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Gastro, Antipsychotic Meds Linked to Cardiac Death

European study finds they interfere with heart rhythm

WEDNESDAY, May 11, 2005 (HealthDay News) -- Certain gastrointestinal and anti-psychotic drugs that interfere with the heart's electrical activity are associated with a three-fold increased risk of sudden cardiac death, researchers report.

Even though these drugs -- which include domeridone, Haldol, and Thorazine -- may increase the risk of sudden cardiac death, the researchers urged caution in response to the study's findings.

"These drugs are vital treatments for serious conditions in many cases, so it is essential that patients should not stop taking them on their own initiative. If they are concerned they should talk to their doctor," study senior author Dr. Bruno Stricker, of the Erasmus Medical Center in Rotterdam, the Netherlands, said in a prepared statement.

His team's study appears in the May 11 issue of the European Heart Journal.

The researchers examined 775 cases of sudden cardiac death, using more than 6,000 other patients as matched controls. They concluded that the gastrointestinal drugs cisapride (Propulsid) and domeridone and the anti-psychotic drugs chlorpromazine (Thorazine), haloperidol (Haldol) and pimozide (Orap) were responsible for about 320 sudden cardiac deaths in the Netherlands each year.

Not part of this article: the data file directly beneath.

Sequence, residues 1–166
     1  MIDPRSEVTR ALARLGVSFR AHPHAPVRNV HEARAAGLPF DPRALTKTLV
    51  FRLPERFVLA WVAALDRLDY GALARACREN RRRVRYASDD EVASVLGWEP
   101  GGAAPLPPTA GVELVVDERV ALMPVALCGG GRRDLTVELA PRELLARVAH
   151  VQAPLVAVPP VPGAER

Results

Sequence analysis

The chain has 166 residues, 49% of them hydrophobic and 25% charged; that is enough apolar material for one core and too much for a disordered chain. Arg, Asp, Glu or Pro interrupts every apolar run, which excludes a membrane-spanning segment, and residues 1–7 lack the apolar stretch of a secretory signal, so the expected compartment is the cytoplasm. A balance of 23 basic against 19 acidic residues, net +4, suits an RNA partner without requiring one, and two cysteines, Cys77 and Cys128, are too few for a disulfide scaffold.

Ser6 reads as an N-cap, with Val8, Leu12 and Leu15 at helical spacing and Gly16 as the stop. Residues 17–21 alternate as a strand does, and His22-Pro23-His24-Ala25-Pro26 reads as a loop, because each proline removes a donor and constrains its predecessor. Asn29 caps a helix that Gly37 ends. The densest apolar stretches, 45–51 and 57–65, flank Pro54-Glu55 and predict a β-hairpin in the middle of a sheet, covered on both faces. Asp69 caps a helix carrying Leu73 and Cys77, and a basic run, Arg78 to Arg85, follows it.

By extrapolation, that means the drugs could be responsible for about 15,000 deaths in Europe and the United States each year, according to the study.

These drugs prolong the QTc interval in the heart -- the duration of electrical activity controlling contraction of heart muscle cells. Drugs that prolong the QTc interval can cause life-threatening arrhythmias, the researchers said.

One of the drugs, cisapride, has been unavailable to American consumers since August 2000, after maker Janssen Pharmaceuticals pulled it from drugstore shelves following reports linking use of the drug to dangerous cardiac arrhythmias, some fatal.

The greatest risk was for people using higher daily doses of the drugs, the Dutch scientists said. Risk also tended to be higher for women and older people.

More information

The Heart Rhythm Society has more about sudden cardiac death.

SOURCE: European Heart Journal, news release, May 10, 2005
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